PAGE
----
Once the last winery is visited, the road leaves sweeping plains behind for the deep valleys of the Marlborough Sounds and the tour heads towards the source of another of the region’s iconic products, seafood.
There is no better way to enjoy this quality, locally grown goodness, freshly harvested from the Sounds’ pristine waterways, than to head out on a seafood cruise.
Firstly, grab a seaside lunch, with spectacular views before boarding the spacious, comfortable launch. Don’t fill up too much at lunch; during the cruise, a feast of fresh, local seafood is unveiled, not only on deck but also below.
The boat visits a salmon, oyster or mussel farm for an insight on how and where these products are grown in the Marlborough Sounds.
There is plenty of time for questions and discussion in between tastes of the freshly prepared seafood, served with a glass of Marlborough Sauvignon Blanc. In between treating your tastebuds, don’t forget to drink in the views which glide past of sea, bush, the fascinating local birdlife, seals and perhaps even some dolphins.
As the boat glides back into port, there is nothing left to do but once again board the comfortable van for the return trip, while reflecting on a perfect Marlborough day.
There can’t be too many places in the world where you find yourself in almost complete isolation within the splendor of nature while being surrounded by all the modern comforts and small touches of luxury.
This is the beautiful reality of Raetihi Lodge, nestled at the base of a fern-lined gully on the peaceful shores of the scenic Kenepuru Sound within the Marlborough Sounds.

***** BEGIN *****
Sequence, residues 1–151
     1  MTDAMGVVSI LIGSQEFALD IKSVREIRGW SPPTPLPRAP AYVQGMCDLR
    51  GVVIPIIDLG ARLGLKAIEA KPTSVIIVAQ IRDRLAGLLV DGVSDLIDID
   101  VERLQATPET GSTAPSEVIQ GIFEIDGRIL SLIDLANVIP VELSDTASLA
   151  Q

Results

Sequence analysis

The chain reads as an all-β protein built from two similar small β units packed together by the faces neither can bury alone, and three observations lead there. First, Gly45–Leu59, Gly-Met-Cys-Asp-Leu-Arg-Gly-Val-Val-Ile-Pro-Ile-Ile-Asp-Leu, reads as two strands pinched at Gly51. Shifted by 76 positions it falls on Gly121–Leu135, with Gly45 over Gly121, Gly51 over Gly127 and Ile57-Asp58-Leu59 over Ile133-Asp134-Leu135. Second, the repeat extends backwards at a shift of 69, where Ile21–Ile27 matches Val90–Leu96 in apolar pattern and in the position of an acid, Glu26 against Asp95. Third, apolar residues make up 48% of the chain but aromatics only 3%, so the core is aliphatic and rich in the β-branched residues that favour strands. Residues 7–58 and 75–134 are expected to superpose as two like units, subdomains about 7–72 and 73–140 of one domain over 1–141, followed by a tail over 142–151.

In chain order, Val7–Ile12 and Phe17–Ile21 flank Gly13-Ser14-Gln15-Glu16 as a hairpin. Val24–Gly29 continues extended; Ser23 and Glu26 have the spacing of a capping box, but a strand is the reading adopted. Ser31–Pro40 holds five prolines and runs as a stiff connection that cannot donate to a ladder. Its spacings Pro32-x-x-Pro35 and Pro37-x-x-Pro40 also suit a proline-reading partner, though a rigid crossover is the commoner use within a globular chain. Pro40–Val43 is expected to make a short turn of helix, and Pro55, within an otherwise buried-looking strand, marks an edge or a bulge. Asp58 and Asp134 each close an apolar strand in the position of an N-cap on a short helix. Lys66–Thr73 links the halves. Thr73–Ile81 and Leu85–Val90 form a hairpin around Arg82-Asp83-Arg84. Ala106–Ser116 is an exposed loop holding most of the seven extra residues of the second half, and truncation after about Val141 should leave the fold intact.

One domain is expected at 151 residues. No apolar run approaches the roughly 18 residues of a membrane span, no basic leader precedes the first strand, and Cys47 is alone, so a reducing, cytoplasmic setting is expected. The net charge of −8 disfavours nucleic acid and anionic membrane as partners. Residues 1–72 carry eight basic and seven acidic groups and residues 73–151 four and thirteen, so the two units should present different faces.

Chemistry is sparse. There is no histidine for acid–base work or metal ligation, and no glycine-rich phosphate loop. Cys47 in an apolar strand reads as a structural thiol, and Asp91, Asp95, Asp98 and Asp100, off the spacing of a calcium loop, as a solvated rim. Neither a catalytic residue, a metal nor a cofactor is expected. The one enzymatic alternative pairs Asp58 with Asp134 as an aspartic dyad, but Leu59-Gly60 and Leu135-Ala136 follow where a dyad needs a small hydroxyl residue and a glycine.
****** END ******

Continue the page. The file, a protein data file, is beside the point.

From the friendly, small and laid-back lodge, the only sounds guests are likely to hear are the calls of the bellbirds and tui, along with the soft swish of calm waters lapping the pebbled shores and perhaps a passing boat.
This is because Raetihi Lodge is surrounded by 50 acres of private, pristine Marlborough Sounds native bush, creating a feeling of utter peace and providing rare uninterrupted views of untouched nature.
Here, guests can walk straight off the beach and onto the deck of their suite, stopping only to kick off wet shoes before walking inside.
Part of the joy of visiting Raetihi Lodge is the journey to get there. One particularly good way to see the best of the Sounds on the way is to hop onto a Greenshell Mussel cruise, which depart daily in summer.
Along the way, the boat moors up to one of the many mussel farms which dot the Marlborough Sounds. This is a chance to learn about the green shell mussel farming industry, the largest of our aquaculture exports and a species unique to New Zealand. It’s also a chance to sample this unique species in the form of hot, steaming bowls of mussels matched perfectly with another of Marlborough’s famous exports, Sauvignon Blanc.